I'm an engineer at Google who worked on the query parser code in 2009 and 2010. I can assure you that at no point around then did punctuation like square brackets get used, inside or outside quotation marks. The results changing from results that suited your intent to results that didn't must have been caused by other changes to the ranking algorithm or the Web as a whole over those years that happened to be unlucky for you.
Punctuation is a huge challenge for us. We can't simply index all the punctuation on every web page on the internet -- think of the blowup of our index! Think how much slower our search pipeline would be! But we're working on it. Now we recognize some common punctuation uses cases like @ and #. Compare the search results for mattcutts vs. @mattcutts, or obama vs. #obama. We'll keep working on the other ones. The programming ones hinder us coders a lot too. :-)
You're simply wrong. It is in Google's long-term financial interest to continue to provide objective, trustworthy search results. For a non-Google example of something similar, see the recent story of Apple CEO Tim Cook challenging a shareholder who challenged the impact of Apple's environmental policies on Apple's bottom line:
Oh bloody fucking hell, Cook told shareholder activists to piss off because a CEO's job is to tell shareholder activists to piss off. Rarely is it so easy as in Cook's case where the activists were total wingnuts, had no business case since Apple's investment in renewable energy is almost certain to payoff over the long term, and presented a massively unpopular position. They got the microphone because their pitch had homerun written all over it.
In Google's case, their officers are responsible for optimizing the mix of objective search results with revenue producing search results. That optimum can be described as just good enough not to drive too many queries away while maximizing clicks to their customers. There's no legal requirement or demand from shareholders for a wall.
And indeed the very idea of tailoring search results to an individual's past browsing history is always going to push sites that share data with Google to the top of the results page.
For what it's worth, I think it's totally reasonable to ask a software engineer candidate to implement a binary sort, even if the candidate has to derive the particulars of the algorithm from first principles. If the candidate can't implement something as well-understood as a binary sort, how are they going to perform when given a totally novel problem that no one has ever solved before?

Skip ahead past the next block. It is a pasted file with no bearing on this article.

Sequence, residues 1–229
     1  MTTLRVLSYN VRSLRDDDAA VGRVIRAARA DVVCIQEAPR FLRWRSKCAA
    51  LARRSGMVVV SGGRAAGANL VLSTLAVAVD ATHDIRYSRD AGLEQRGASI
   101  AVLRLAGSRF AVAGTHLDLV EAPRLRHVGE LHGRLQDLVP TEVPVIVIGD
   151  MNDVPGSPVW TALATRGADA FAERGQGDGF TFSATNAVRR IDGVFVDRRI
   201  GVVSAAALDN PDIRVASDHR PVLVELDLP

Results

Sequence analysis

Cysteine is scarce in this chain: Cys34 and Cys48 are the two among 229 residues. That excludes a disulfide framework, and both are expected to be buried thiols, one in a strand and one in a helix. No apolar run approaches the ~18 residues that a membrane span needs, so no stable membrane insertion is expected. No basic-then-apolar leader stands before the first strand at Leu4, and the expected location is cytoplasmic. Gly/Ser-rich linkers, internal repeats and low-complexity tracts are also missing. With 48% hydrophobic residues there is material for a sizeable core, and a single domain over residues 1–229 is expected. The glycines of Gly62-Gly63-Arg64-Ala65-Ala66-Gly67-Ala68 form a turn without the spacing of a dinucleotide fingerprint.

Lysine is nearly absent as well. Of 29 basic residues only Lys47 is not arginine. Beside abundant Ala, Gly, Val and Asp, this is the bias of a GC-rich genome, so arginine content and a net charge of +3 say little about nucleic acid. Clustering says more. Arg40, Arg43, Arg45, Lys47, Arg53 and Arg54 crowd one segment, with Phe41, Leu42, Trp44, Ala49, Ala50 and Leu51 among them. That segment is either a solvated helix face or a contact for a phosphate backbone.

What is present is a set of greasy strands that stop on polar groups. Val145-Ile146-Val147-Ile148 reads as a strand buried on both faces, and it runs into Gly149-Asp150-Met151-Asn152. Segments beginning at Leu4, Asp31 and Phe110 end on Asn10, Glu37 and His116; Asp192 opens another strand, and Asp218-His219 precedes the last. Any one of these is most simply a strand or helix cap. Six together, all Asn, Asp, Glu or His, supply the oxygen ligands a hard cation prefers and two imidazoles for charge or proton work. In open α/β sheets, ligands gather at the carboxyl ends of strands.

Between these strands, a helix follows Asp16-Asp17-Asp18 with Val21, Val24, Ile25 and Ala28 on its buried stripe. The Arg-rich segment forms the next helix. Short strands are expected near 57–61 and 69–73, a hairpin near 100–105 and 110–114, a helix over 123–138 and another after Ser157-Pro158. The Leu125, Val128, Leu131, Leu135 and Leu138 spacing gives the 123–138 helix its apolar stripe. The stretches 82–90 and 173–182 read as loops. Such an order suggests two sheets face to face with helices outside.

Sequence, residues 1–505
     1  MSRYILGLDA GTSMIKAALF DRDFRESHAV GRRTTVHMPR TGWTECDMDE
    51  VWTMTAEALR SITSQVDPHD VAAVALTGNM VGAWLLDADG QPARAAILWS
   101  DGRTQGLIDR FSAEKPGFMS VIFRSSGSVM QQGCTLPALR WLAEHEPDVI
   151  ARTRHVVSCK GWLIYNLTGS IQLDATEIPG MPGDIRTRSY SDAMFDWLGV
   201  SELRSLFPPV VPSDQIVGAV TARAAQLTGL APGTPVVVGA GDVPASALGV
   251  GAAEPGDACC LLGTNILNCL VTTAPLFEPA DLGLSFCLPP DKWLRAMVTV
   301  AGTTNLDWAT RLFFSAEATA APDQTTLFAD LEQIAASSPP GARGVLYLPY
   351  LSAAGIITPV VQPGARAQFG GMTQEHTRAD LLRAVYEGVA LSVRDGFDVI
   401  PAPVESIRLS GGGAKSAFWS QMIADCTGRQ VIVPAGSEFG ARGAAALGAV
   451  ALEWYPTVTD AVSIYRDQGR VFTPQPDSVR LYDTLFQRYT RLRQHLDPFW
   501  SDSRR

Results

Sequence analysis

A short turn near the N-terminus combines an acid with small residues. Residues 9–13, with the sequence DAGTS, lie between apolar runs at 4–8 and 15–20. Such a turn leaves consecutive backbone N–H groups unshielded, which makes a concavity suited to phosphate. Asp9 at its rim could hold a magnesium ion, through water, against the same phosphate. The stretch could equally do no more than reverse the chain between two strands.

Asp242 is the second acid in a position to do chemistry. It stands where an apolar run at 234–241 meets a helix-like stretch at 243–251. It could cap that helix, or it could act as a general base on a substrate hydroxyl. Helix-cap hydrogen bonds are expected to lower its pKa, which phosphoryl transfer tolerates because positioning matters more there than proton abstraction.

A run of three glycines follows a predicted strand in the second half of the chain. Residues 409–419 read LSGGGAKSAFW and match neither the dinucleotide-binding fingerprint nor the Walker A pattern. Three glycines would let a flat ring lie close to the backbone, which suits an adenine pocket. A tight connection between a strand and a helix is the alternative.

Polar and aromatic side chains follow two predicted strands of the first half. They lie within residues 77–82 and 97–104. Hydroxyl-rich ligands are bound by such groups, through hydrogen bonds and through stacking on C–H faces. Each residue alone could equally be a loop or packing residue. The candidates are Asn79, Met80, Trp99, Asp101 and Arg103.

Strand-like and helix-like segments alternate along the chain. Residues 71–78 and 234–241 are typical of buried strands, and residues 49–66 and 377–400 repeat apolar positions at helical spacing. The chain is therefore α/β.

If anything, the problem with that as an interview question is that it is too obvious and common, and will not do a good job distinguishing between a strong candidate and someone who crammed for the interview and happened to practice that particular problem.
FWIW, I adjust my F.lux setting all the time! When the sun sets at 5pm but I'm still working in a brightly-lit office, I hit "disable for an hour." When I'm in a completely dark room, I switch it all the way to the dimmest "candle" setting.
hackula1 means this: If one child is born to the family of a billionaire, and another child is born to a poor unwed teen mother, then in what meaningful way can it be said that those two children have "equal opportunity"? Even if the billionare's child is a lazy fuckup, he/she still stands to inherit hundreds of millions of dollars and so will never have to want for anything. Even if the teenager's child works hard, without access to nurturing child care, education, books, etc., the odds are stacked against that child leading a happy and successful life, much less becoming a millionaire.
The only way to make it truly be the case that those two children succeed or fail in life due to their own qualities and choices -- "equal opportunity" -- would be to take the billionaire's money and spend it equally on nurturing and educating the two children. (In the US, the "estate tax" is a tax on inheritance, that is, it's our society deciding how good or bad it is if a child can inherit all or some of a parent's fortune.)
> was most likely born
I take it you just posted this comment for fun and didn't RTFA? That was the whole point; the author answered the question of how the tradition was born, down to the person and year.
I did read it. And all he says is that C was zero based but doesn't say why that happened. Unless it was in the comment thread or one of the several second order articles which I'll freely admit I didn't read.